A study by US scientists shows that apart from carbon dioxide, plants rid the air of volatile organic compounds, or VOCs, the most abundant class of carbon-based chemicals in the atmosphere.
Automobile exhaust, coal burning and industry are some of the major sources of VOCs that causes respiratory diseases. “In the atmosphere they combine with nitrogen oxides to form organic nitrates, a particulate matter responsible for the haze during air pollution,” said Thomas Karl, scientist at the National Centre for Atmospheric Research in USA, who led the study.
VOCs also combine with oxygen to form tiny airborne particles called oxygenated VOCs, which insulate the atmosphere and lead to warming. Scientists had long suspected that plants absorb small amounts of VOCs from the atmosphere because they release the compounds while decaying.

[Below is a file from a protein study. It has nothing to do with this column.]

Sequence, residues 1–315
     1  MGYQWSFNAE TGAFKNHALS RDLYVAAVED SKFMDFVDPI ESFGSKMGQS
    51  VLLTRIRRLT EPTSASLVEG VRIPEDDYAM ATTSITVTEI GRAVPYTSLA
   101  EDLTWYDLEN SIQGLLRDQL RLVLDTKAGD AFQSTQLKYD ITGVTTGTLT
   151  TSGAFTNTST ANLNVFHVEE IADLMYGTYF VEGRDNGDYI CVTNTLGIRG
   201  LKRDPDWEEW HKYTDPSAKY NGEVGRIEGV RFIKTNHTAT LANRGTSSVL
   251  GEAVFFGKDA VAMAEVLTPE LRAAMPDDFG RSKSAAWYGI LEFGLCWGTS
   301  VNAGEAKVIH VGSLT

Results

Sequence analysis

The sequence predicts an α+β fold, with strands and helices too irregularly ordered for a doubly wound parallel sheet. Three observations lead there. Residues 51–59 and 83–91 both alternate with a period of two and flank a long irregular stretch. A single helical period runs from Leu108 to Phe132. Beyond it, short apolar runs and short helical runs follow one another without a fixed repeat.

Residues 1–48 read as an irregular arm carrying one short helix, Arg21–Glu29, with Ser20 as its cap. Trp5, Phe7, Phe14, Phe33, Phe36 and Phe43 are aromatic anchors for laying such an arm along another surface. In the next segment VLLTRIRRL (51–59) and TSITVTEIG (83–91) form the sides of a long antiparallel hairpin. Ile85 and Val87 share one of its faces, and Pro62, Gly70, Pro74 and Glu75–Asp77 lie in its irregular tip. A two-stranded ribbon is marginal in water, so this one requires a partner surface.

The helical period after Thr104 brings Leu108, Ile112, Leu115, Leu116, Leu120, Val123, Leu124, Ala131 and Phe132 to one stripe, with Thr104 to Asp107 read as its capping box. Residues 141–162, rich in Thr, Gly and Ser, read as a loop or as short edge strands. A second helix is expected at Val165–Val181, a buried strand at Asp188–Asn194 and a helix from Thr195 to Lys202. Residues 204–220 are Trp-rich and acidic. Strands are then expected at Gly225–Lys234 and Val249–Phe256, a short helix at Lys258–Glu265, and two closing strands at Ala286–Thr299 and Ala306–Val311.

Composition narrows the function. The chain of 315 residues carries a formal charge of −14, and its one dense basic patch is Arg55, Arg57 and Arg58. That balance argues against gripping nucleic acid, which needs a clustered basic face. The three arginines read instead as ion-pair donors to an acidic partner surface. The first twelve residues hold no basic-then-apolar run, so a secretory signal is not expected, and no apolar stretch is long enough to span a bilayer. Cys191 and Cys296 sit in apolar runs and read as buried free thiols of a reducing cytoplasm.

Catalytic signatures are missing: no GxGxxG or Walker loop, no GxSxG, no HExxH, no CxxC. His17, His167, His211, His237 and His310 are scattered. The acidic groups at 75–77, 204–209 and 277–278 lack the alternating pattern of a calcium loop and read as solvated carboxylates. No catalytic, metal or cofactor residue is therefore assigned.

To estimate how efficient this absorption is, Karl and his team measured the level of VOCs in the atmosphere at six different places across the North and South Americas representing different ecosystems. Three of them represented tropical rainforests and the others were temperate deciduous forest, mixed temperate forest and semiarid shrub land.
With the help of computer modelling and laboratory experiments, the scientists analysed the field data and found, on an average, ecosystems across the globe absorb 36 per cent more VOCs than thought.
The process occurs at an optimum rate in thick tropical forests and is the lowest in semiarid shrub , the scientists noted in the October 21 issue of Science Express. The finding provides a platform for better climate models, Karl said.
Anjali Srivastava, a researcher at the National Environmental Engineering Research Institute, calls the work significant and pioneering. Srivastava works on identifying plants that can help reduce the level of VOCs in indoor environment, for example from deodorants and paints. “Initial findings show basil and money plant can significantly reduce VOCs indoors,” she said.